roger hauge on ... ... powering through the tough moments in a race Your body and your mind get adjusted to thinking, "I ain't gonna die. It doesn't feel good, but I ain't gonna die." ... pacing himself I'll start a marathon [with a heart rate of] probably 135, which is good for me. If I'm feeling good, I may even crank that up a little bit. But I know what my limits are. I know that if I start going more than 140, I'm going to be in trouble. ... races where the oldest age category goes no higher than "60 and up": There are runners in their 70s, all the way up well into their 80s. Why are you cutting off that age group? These are people that have the money, the desire, the capability -- and you turn your back on them? Know someone with an interesting life story? E-mail The Good Life editor Paul Duncan at

'Life has just started'

  • Article by: KATY READ
  • Star Tribune
  • September 28, 2011 - 2:27 PM

A "negative split" is a runner's term for running the second half of a race faster than the first -- a term that could also be used to describe Roger Hauge's life. He didn't start running until he was 60; now, at 80, he has more than made up for lost time.

As of August, Hauge had run 160 marathons, including four ultramarathons (races longer than the 26.2 miles of a regular marathon) with plans to pass 170 by the end of the year. He has completed a marathon in every state in the union -- twice. He has qualified for the Boston Marathon -- the dream of most serious runners -- and racked up a number of wins in his age group, even when the oldest category is "70 and up" (recently, he came in first, ahead of a 73-year-old).

"It's always a challenge," said Hauge, a trim, affable man who works as a business consultant and investor out of a small Excelsior office. "Anytime you set out to run 26 miles -- whether it takes you six and a half hours, or four and a half hours, or two and a half hours -- it's a challenge."

Hauge's inability to pass up a challenge was what led him to start running -- or, more precisely, to stick with it. At 60, he was living in London, a busy Northwest Airlines vice president eating pub food for lunch, sitting around at night, and grumpily carrying a few extra pounds. A colleague named Alan urged him to try running. Reluctantly, Hauge began heading out alone after work, at first alternating running and walking and eventually just running for four mile stretches. Soon he had lost more than 20 pounds. Mission accomplished, he might have returned to the couch had Alan not urged him to enter a race. Hauge sighed and entered a half marathon "to shut him up."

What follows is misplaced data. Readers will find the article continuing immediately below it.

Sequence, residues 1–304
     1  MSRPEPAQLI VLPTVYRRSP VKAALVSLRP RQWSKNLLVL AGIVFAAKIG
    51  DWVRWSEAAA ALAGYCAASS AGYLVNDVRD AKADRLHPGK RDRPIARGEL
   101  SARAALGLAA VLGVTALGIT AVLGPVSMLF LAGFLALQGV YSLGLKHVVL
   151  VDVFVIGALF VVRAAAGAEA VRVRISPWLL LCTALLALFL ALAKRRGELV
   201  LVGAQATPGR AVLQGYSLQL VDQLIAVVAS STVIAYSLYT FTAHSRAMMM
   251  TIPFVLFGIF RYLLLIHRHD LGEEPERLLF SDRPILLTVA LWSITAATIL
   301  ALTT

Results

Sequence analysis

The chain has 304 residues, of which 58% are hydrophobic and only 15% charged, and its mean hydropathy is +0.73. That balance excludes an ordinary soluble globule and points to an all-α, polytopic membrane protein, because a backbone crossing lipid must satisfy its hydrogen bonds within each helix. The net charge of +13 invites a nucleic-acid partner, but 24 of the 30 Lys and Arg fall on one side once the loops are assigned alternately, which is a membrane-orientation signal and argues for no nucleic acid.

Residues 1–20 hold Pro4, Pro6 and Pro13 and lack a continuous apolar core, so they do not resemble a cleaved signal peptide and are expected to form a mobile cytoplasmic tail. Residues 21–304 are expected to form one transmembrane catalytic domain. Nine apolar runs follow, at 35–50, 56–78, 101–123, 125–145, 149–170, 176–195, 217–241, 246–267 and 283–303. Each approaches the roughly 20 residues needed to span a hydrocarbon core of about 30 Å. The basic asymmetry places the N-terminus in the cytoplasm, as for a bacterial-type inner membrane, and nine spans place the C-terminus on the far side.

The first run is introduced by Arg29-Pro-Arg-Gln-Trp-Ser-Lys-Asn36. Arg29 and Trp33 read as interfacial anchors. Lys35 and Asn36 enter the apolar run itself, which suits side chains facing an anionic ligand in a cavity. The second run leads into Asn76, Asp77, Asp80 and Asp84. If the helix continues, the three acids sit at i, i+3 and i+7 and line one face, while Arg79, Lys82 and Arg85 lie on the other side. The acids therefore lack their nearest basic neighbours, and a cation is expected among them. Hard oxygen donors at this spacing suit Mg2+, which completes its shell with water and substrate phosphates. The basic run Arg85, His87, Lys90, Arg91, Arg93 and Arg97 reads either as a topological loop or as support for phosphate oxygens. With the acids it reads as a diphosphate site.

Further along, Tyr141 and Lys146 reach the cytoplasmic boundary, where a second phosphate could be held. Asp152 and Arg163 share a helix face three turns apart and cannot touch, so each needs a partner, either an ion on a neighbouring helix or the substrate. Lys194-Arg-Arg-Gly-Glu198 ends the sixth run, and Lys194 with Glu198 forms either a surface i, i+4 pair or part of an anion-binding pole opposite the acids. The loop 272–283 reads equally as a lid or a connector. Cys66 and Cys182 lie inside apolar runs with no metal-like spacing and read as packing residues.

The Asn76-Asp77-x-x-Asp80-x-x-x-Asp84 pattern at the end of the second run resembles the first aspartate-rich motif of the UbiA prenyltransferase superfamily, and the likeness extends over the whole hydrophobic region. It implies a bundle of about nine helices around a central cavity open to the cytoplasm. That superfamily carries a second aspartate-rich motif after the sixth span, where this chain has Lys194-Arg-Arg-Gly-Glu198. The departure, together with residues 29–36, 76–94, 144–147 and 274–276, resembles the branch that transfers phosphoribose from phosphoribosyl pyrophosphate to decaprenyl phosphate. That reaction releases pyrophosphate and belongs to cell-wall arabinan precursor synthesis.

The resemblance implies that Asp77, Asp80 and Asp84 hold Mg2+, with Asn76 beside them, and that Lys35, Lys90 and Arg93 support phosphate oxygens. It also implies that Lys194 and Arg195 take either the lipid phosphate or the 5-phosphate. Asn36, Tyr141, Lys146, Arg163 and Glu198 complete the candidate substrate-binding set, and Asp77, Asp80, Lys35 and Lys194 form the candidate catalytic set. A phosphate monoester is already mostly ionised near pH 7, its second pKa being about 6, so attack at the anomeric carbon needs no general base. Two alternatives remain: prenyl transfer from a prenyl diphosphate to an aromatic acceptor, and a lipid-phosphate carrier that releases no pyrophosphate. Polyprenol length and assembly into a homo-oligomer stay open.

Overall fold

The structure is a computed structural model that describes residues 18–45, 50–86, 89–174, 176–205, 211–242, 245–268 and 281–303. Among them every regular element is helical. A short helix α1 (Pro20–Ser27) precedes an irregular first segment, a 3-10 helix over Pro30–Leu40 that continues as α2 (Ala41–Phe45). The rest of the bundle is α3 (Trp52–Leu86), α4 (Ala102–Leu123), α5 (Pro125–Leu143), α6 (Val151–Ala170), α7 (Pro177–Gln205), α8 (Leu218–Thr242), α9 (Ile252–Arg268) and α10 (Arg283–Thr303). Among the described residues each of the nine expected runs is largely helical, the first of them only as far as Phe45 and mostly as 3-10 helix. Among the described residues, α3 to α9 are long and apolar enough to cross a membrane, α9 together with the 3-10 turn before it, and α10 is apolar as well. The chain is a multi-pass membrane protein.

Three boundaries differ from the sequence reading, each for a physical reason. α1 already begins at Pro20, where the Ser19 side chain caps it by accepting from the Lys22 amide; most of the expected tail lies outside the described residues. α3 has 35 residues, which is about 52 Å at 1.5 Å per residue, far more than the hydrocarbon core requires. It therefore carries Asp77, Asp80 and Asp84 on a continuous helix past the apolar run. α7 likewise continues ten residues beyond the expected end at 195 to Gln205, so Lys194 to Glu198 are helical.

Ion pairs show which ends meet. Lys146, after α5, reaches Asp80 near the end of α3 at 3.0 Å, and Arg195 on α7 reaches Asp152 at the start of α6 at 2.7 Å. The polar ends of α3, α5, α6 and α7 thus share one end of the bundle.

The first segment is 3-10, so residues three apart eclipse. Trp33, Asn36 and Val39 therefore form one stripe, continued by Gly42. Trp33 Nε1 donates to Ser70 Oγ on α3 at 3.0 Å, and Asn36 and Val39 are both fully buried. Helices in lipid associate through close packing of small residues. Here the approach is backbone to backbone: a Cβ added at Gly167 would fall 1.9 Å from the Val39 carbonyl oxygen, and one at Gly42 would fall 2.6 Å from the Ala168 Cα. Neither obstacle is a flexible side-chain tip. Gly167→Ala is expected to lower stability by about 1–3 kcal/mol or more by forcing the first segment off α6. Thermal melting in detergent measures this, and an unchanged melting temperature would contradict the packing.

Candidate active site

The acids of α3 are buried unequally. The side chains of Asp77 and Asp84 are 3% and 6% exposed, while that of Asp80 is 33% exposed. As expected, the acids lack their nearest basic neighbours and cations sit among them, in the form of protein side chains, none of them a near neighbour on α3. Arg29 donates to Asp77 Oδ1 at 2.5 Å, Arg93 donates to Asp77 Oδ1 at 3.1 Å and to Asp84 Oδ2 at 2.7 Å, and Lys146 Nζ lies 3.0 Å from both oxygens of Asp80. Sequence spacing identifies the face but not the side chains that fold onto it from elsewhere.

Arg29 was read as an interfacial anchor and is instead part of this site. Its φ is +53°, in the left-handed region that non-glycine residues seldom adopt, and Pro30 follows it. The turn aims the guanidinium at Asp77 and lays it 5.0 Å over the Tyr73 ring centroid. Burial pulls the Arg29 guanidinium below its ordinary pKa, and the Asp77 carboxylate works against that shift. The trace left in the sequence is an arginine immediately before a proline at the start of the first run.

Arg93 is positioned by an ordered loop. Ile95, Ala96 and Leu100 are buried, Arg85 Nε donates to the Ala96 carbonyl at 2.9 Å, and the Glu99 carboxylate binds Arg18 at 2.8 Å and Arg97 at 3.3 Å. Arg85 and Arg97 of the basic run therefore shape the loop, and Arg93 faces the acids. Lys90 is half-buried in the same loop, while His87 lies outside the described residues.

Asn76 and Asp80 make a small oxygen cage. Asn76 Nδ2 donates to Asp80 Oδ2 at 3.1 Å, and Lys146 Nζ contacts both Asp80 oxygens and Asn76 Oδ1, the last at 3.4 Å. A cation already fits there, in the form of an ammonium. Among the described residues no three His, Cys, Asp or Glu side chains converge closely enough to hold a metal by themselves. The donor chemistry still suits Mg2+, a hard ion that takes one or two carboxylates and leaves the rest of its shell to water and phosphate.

Hauge and Alan ran the race side by side. Exhausted several miles before the finish line, Hauge announced that he was going to quit. Alan pointed out a girl running ahead in the distance and challenged Hauge to catch up with her. Next thing he knew, Hauge heard onlookers applauding as they crossed the finish line.

"That's when I learned that, no matter how tough, how bad it is -- and I've been through some tough ones -- you don't quit," he said. "You do whatever it takes to keep going. I found out I could do it."

A running friend once told Hauge that she liked the simplicity of running: "All you need are a decent pair of shoes and a lake." Hauge, who lives on Lake Minnetonka, has both. But he sees the sport as a little more complex than that. He monitors his heart rate throughout each race, pacing himself according to weather, terrain, distance.

"It can be a very complicated sport, for an ordinary runner," he said. "I'm not talking about those guys doing 2 hours and 15 minutes. I'm talking about finishing a marathon when you're 80 and, if you're lucky, winning in your age group."

Hauge is in good health, but running is more than just a way to stay in shape. He was a leader for years in the Active Life and Running Club (ALARC), and belongs to a running group near his winter home in Florida. Running provides a social life, a means of bonding with others, a boost for his self-image.

"I hear this all the time, 'You're such an inspiration to us, blah blah blah,'" Hauge said. "It's rewarding. It's fun. You get [your ego] stroked."

Hauge radiates energy and optimism. Most runners do, he said. So he was puzzled, recently, when a 60-year-old running friend said he worried about getting older.

His friend is the age Hauge was when he took up running. At 60, Hauge said, "as far as I'm concerned, life has just started."

Katy Read • 612-673-4583

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